DC Political and Business Figures Are Concerned Over Possible Loss of Caps and Wizards


Members of DC’s political and business establishments expressed concern Wednesday following the unveiling of a plan to move the city’s NHL and NBA teams to Virginia. 

“It will be a huge blow to our downtown recovery,” former DC Mayor Anthony Williams, who now serves as CEO of the Federal City Council, said in a statement. 

On Wednesday, Ted Leonsis, the majority owner of the Washington Capitals and Wizards, announced an agreement to relocate the two clubs from downtown’s Capital One Arena, where they’ve played since 1997, to a new facility in Alexandria’s Potomac Yard which would be ready by 2028. Though the deal still requires the approval of Virginia lawmakers, key political figures in the commonwealth—Governor Glenn Youngkin and Senator Mark Warner, among others—appeared alongside Leonsis at an unveiling event. 

Eleanor Holmes Norton, DC’s Congressional delegate, says she’s disappointed by the development. “A lot of federal workers are no longer going into the city, and downtown DC has suffered for it,” she says. “Now, if we lose the Wizards and Capitals, that just adds to the problem.” 

In a statement, Shawn Townsend, the president and CEO of the Restaurant Association Metropolitan Washington, noted that while the proposed stadium complex would likely serve as a catalyst for dozens of new restaurants in Virginia, its impact on downtown Washington would be harsh. 

“The Wizards and the Capitals are central to downtown DC’s economy and have contributed to the success of many downtown businesses, specifically restaurants,” Townsend said. “Although Monumental Sports has stated that Georgetown basketball games, concerts, and other programming would continue at Capital One Arena, the decision to remove two major sports teams from downtown DC would be devastating for the neighborhood’s scores of small businesses, many in long term leases and who are already struggling during a historic year of challenges for restaurants in DC.”

In an interview with the Washington City Paper’s Alex Koma, Jack Evans—the former DC Councilmember who helped bring the teams to the city decades before he resigned amid an ethics scandal—blamed DC Mayor Muriel Bowser for the current predicament. “The city administration is at fault,” Evans told Koma. “If they’d acted back in August, Ted probably would’ve taken that deal.”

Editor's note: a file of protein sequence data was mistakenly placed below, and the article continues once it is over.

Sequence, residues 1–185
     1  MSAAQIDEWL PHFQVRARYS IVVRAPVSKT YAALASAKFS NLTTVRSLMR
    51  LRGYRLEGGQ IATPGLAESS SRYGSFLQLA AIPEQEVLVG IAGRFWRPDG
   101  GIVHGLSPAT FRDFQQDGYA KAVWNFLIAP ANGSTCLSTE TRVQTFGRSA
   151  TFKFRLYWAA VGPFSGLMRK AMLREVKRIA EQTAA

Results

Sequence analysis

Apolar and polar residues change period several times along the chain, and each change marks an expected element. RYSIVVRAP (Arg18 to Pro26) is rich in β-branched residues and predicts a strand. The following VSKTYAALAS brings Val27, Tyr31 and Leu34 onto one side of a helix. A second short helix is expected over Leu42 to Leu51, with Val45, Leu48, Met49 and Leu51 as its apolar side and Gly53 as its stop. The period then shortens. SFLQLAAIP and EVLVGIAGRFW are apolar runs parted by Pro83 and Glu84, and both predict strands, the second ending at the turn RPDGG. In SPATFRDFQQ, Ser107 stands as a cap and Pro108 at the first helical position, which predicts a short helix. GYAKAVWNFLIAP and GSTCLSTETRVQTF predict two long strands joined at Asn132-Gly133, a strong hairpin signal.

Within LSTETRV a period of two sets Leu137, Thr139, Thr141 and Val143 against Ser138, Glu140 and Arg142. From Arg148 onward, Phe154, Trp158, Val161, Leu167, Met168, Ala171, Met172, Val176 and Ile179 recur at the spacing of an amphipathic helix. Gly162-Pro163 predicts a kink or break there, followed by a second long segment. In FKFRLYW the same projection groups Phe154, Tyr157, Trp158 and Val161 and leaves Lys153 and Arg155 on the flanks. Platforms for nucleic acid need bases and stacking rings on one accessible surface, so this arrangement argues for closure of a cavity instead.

In a statement to Washingtonian, however, DC Councilmember Trayon White Sr. referenced Mayor Bowser’s last-minute pitch to prevent the teams from leaving, which, as Axios reported, featured $500 million in funds to improve Capital One Arena. “These are our team[s], and we, the DC Council, are working diligently with Mayor Bowser to keep these teams here,” Councilmember White said in his statement. “They are vital to our Downtown DC.” 

Likewise, Gerren Price, the President and CEO of the DowntownDC Business Improvement District, expressed hope that the city could find a way to keep the teams in the city. 

“We are encouraged by, and fully support, Mayor Muriel Bowser and D.C. Council Chairman Phil Mendelson, who, with the unanimous support of all councilmembers, have swiftly moved forward with a guaranteed offer to modernize and expand the existing facility,” Price said in a statement. “These investments would help make the arena a global model for urban sports and entertainment venues, create a world-class fan experience, and further enhance the vitality of the entire surrounding community.”

Capital One Arena reportedly hosts 220 events a year that drive between 2 and 2.5 million people to downtown, and the surrounding neighborhood has experienced almost $9.2 billion in redevelopment since 1997.

Senior Writer

Luke Mullins is a senior writer at Washingtonian magazine focusing on the people and institutions that control the city’s levers of power. He has written about the Koch Brothers’ attempt to take over The Cato Institute, David Gregory’s ouster as moderator of NBC’s Meet the Press, the collapse of Washington’s Metro system, and the conflict that split apart the founders of Politico.

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